Career Artist vs. Moment Artist: An Important Lesson in Longevity

By | Posted July 21, 2017
"Some people can be career artists, and do this like U2 all the way until the end of time, like JAY-Z, but a lot of people have a moment."
Photo Credit: Gregory Harris/Capitol Records

In 2017, it's easier than ever before to become a rapper. But just because someone can rap doesn't mean they have what it takes to make a long-lasting career for themselves in the music business. For every JAY-Z, there is a Charles Hamilton, for every Kendrick Lamar, there is a MIMS.

There are a million reasons why one artist will achieve longevity in the music business while another will be here today gone in a matter of minutes, but setting aside actual talent and financial backing, long-term success begins and ends with a key understanding of whether or not you're a career artist or a "moment" artist. 

In a new interview with HardKnockTV, Christian hip-hop artist Lecrae, who later this summer will release his eighth studio album in the past 10 years, explained the difference between the two.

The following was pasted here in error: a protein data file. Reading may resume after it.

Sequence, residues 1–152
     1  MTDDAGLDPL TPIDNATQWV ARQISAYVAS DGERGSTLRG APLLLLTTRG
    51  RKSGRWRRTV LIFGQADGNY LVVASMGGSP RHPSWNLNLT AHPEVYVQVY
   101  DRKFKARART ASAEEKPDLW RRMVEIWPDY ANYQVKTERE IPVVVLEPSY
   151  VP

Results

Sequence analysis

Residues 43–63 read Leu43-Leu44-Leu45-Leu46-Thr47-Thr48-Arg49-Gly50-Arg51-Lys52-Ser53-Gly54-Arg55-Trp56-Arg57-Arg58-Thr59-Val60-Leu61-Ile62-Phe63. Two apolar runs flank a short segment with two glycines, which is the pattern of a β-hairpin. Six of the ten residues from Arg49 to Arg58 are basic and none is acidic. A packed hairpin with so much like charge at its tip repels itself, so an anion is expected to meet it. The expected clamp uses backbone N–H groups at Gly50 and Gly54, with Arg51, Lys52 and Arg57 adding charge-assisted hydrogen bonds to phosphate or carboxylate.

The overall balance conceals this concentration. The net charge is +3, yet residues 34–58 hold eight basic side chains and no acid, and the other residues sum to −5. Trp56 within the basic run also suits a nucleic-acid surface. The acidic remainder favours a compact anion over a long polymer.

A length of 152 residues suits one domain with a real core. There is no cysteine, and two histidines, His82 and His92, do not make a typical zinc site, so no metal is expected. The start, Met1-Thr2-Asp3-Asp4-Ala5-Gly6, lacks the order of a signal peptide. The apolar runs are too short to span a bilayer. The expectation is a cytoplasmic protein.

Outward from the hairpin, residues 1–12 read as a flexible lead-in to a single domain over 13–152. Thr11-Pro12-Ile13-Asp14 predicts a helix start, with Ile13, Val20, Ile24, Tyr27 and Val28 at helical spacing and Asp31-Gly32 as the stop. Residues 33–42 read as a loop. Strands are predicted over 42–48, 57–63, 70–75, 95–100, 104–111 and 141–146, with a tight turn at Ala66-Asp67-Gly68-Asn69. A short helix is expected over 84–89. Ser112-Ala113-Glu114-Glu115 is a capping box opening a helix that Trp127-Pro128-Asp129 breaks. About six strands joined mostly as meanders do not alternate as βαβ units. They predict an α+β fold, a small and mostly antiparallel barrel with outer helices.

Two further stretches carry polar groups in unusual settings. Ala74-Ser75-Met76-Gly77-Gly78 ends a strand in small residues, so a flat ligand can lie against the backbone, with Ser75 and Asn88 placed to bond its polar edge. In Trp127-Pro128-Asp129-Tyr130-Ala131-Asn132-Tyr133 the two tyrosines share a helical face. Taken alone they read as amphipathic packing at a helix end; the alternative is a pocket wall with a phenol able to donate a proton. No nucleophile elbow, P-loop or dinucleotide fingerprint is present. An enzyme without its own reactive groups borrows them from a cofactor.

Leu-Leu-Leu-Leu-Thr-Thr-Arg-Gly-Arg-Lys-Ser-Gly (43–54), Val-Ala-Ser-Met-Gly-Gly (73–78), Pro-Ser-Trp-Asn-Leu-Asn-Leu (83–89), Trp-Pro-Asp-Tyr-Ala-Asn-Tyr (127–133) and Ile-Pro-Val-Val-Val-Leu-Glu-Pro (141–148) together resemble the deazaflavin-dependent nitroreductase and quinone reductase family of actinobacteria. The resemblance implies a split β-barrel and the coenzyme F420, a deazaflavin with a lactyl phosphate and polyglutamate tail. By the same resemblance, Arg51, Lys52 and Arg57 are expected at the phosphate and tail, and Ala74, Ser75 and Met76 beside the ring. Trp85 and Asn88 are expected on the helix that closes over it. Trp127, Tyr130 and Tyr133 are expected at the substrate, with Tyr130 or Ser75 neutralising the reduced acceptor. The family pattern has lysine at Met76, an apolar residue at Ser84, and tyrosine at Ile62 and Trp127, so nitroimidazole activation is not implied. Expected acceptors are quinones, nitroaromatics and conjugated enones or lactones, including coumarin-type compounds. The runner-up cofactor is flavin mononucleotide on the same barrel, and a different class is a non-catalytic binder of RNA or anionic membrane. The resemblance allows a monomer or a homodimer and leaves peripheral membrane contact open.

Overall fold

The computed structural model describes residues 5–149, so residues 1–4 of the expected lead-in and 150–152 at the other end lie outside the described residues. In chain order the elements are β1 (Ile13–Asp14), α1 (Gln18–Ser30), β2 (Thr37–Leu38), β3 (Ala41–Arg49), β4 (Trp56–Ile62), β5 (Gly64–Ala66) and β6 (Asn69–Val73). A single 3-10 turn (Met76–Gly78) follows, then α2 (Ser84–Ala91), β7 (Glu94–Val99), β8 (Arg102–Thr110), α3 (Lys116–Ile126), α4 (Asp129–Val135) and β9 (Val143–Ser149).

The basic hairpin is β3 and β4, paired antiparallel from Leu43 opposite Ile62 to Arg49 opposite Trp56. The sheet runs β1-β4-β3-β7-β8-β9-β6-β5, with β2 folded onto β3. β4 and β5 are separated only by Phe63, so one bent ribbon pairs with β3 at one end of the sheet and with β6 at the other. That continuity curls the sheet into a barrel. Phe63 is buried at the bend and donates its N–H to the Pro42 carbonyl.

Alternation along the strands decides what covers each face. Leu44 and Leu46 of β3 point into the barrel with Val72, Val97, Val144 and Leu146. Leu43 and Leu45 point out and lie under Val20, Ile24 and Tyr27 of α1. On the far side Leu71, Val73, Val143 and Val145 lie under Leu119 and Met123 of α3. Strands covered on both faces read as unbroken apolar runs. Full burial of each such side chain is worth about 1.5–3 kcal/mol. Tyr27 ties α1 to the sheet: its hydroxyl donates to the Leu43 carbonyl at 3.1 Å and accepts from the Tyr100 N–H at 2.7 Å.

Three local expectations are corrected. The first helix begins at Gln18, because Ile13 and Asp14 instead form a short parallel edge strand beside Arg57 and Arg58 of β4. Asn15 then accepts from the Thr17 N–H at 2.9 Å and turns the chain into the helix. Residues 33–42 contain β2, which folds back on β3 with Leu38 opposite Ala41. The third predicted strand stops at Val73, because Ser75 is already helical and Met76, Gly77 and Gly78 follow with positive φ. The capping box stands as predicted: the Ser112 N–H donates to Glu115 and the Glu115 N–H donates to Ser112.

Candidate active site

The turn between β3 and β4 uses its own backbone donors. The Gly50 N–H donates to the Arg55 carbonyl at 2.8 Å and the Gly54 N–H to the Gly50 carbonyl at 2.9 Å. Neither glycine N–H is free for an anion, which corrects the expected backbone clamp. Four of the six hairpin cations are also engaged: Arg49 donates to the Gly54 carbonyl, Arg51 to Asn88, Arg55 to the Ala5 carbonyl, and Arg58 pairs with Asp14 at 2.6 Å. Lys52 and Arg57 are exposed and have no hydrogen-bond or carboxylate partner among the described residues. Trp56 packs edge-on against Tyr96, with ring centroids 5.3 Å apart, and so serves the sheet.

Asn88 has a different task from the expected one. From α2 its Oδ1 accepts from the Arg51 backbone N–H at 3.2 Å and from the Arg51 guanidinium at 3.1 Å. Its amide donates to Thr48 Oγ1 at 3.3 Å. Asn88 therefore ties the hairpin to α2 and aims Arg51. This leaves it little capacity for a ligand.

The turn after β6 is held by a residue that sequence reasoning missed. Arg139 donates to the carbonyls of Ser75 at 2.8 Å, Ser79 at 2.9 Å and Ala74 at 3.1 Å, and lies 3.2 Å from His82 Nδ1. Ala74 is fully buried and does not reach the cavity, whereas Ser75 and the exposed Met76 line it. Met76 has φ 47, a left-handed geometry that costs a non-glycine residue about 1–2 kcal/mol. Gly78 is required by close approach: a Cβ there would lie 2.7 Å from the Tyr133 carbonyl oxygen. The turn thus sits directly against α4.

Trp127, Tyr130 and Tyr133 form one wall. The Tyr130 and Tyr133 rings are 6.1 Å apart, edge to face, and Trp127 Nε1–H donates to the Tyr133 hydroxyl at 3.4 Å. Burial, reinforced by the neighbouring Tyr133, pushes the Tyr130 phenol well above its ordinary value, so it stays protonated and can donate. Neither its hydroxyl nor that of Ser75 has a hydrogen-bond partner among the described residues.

"A lot of times, artists don't see themselves as expendable, like an athlete," said the 37-year-old Houston native, adding, "In a lot of ways, like, you only have a window. Some people can be career artists, and do this like U2 all the way until the end of time, like JAY-Z, but a lot of people have a moment. You've gotta maximize that moment."

While there's nothing wrong with seizing a moment and striking it big while the proverbial iron is hot, artists often mistakenly believe they are career artists when they are actually "moment" artists, piddling away all of their income because they think more will forever be on the way.

"A lot of dudes just run out and spend that first royalty check on a necklace and a car and it's like, they haven't created any kind of legacy, any kind of foundation," Lecrae continued. "I think it's important to be in control of some of that and not have the major labels, so to speak—and I won't demonize 'em, you just have to know how to use 'em properly—have all of the control, have all the collateral. I want my kids to be able to walk into something, be able to own something when it's all said and done."

For every instance of a Lil Yachty revealing he doesn't know who owns his publishing, there's an artist like Rick Ross who executed a brilliant post-signing investment strategy.

Now ask yourself this: Which artist do you expect to still be making noise in five years?

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